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Tech won’t save the world (but it will help a little)


Despite enormous optimism from the tech industry and a never ending wave of improbable ideas and innovations for getting poor people online (Google Loon, anyone?), technology by itself will not save the world, eradicate poverty and cure all the ills of mankind. Indeed, where some great idea is presented as a ‘silver bullet’ (umm, Google Loon anyone?) it’s “destined to be disappointed because such optimistic faith fails to understand the nature of poverty”.

That, at least, is the opinion of the authors of a new report published today in the journal Information Technologies and International Development, the academic bible of the ‘ICT4D’ community which incorporates government agencies, NGOs, researchers and industry groups worldwide. Written by Siobhan Clark and Gillian Wylie of Trinity College Dublin, along with Hans Zomer of Dochas, the paper is a fascinating – and for an academic piece a surprisingly easy read – looking at how technology has been applied against the Millennium Development Goals (MDGs).

The MDGs were drawn up by the UN in the 2000, and featured highly specific targets in 15 areas of equality and reduction of poverty that member states were to aim to achieve.

In a amusing sign of the times, technology was only passingly referred to in the original MDGs. Since then, we’ve seen the creator of the World Wide Web – Sir Tim Berners-Lee – call for internet access to be added to the list of inalienable human rights. We’ve seen mobile phones come to dominate the media and communication networks of low income countries. We’ve seen M-PESA, and we’ve seen a series of revolutions in Northern Africa which were intrinsically tied up with social media. We’ve also seen Facebook by SMS and USSD introduced to the poorest (Don’t forget Google Loon – Bonkers Ed).

The report, therefore, is given the acronym-oneous title ‘ICT for the MDGs’. And it’s actually a really hopeful piece of writing, filled with caveats but ultimately saying that tech, done well, can level the land and provide opportunities and equality for all. But those caveats are stern and fierce.

On education, the authors write:

For some advocates of ICT for Education (ICT4E), digital technology seems to be the magic bullet, bypassing
the enormous costs of educational infrastructure by providing affordable education directly to the child.
The One Laptop Per Child philosophy, for instance, suggests that the $100 laptop will connect children  straight to learning, transcending the need for classrooms and teachers. This view has been criticized for failing to understand that problems in education systems are systemic and “reforming education is hard work that involves making coordinated changes in pedagogy, curriculum, assessment, and teacher training”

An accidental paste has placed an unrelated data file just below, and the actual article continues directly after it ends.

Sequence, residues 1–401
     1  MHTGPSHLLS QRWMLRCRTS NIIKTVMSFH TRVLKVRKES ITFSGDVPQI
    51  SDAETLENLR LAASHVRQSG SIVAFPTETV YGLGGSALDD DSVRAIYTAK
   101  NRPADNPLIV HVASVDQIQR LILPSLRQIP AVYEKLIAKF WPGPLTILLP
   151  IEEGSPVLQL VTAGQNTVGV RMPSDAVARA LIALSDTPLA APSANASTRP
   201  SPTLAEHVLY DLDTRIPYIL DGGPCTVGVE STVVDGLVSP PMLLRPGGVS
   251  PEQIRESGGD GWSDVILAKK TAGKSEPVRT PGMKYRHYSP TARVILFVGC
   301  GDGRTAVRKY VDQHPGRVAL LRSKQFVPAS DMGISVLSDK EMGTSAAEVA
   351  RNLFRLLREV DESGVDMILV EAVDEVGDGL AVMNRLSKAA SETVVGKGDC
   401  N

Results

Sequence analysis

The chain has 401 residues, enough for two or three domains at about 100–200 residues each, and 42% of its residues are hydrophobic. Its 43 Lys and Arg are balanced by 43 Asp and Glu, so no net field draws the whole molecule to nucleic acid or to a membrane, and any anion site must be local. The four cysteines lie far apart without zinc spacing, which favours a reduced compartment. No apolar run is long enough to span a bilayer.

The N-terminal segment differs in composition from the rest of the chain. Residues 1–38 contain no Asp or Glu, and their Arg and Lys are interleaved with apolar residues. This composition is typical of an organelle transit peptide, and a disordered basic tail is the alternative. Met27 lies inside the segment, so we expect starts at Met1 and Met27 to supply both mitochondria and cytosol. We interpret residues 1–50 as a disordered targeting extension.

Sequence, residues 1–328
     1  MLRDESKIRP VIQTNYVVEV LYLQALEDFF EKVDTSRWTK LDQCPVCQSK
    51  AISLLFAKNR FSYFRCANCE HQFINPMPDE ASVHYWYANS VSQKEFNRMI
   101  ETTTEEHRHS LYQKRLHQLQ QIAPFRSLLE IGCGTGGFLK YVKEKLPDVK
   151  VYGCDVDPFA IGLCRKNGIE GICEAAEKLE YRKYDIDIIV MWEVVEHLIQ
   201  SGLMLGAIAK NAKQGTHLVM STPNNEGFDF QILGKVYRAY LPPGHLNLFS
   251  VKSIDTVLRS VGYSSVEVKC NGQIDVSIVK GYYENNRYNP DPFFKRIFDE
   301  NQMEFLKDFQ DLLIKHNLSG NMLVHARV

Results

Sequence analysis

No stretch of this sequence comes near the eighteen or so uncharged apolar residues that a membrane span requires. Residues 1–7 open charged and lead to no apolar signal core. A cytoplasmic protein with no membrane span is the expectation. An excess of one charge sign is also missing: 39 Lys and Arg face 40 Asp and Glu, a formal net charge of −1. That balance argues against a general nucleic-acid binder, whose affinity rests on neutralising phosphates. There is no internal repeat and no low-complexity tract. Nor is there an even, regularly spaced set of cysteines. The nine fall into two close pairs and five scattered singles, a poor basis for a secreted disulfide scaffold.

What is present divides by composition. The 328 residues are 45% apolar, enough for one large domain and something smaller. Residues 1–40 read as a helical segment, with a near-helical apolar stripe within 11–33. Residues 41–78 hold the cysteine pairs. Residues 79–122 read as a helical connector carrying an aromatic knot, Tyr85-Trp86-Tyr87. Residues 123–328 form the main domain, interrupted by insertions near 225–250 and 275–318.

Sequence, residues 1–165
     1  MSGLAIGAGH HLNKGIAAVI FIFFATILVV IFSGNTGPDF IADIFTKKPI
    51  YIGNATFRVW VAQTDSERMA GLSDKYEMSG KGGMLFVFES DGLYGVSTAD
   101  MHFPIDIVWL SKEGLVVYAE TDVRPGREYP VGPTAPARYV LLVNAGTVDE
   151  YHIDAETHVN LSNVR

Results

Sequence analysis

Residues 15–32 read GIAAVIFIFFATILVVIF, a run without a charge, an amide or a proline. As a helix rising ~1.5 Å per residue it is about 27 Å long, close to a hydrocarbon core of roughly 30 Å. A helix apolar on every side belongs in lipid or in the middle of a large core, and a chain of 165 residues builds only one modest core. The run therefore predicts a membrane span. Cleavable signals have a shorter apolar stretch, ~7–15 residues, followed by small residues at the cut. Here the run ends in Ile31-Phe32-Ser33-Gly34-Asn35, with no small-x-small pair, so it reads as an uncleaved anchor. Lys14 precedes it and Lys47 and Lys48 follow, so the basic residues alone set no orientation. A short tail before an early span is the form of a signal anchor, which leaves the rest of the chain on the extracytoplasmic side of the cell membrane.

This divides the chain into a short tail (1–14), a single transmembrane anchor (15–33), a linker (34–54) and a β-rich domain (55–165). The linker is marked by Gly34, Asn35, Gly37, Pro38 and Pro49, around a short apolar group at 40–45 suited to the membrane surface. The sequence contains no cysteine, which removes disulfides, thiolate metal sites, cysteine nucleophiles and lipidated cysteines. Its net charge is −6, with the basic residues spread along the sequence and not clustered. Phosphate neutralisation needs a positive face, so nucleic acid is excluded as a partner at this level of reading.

(Kozma, 2007) as well as ensuring necessary resourcing. Kozma, among others, queries the proat
motive, which inevitably intertwines with the growing role of private-sector companies in supplying
classrooms.

But they temper its words with encouragement.

Undoubtedly, access to educational software and the superabundance of information on the Internet enhance learning. However, information itself is not neutral. Curriculums are designed to convey certain
knowledge and search engines prioritize results. English as the principal Internet language creates yet
another digital divide. Access to educational ICTs is not enough; acquiring the digital literacy to make
critical sense of the information (Unwin, 2007) is equally important and perhaps unrecognized by those who simply prescribe “one laptop per child.”

For women in IT, for example, the authors find lots of evidence that instead of liberating female workers, quite often IT is seen as the prerogative of men who rush in to dominate new projects. Thus it can “reinforce rather than challenge gendered norms”. On the other hand, by making it easy for women to work from home while they wait for their husbands to come round to the idea that they can be wage owners (something I’ve seen in many joyous places), the mobile phone and/or cheap laptop can transform lives.

Ultimately, the authors say, it’s not about the tech – it’s about the people. It’s an idea which has been espoused many times by the editor of the same journal, Kentaro Toyama. Toyama is an ex-Microsoft employee who’s spent most of the last 15 years or so working on ways to change the world through tech, while at the same time poking fun at those who others who do the same but with do so with a sort of faux naivete.

The motto most often associated with Toyama is that “technology amplifies human intent and capacity; it doesn’t substitute for them.” That could be interpreted as a clever way of saying that the right person with a laptop can change the world. But most of us will simply use it to browse porn.

This report, though, could have been written at any time over the last six or seven years. As we go into 2014 and Gauteng ramps up its spending on IT in education, another tech hub is set to open in Johannesburg and more and more corporates line up social responsibility cash to spend on projects which benefit themselves as much as they benefit the poor, it is a good time to contemplate exactly what it is we should be supporting out there.

Don’t get me wrong. The whole reason we launched htxt.africa was because we thought there was a massive gap in the landscape for a techno-cheerleader with a fresh view on all the amazing stuff that’s going on. We’re obviously on the side of getting everyone online and iPads for all and the power of tech to transform everything from entertainment to governance for the better. But it makes you think, right?

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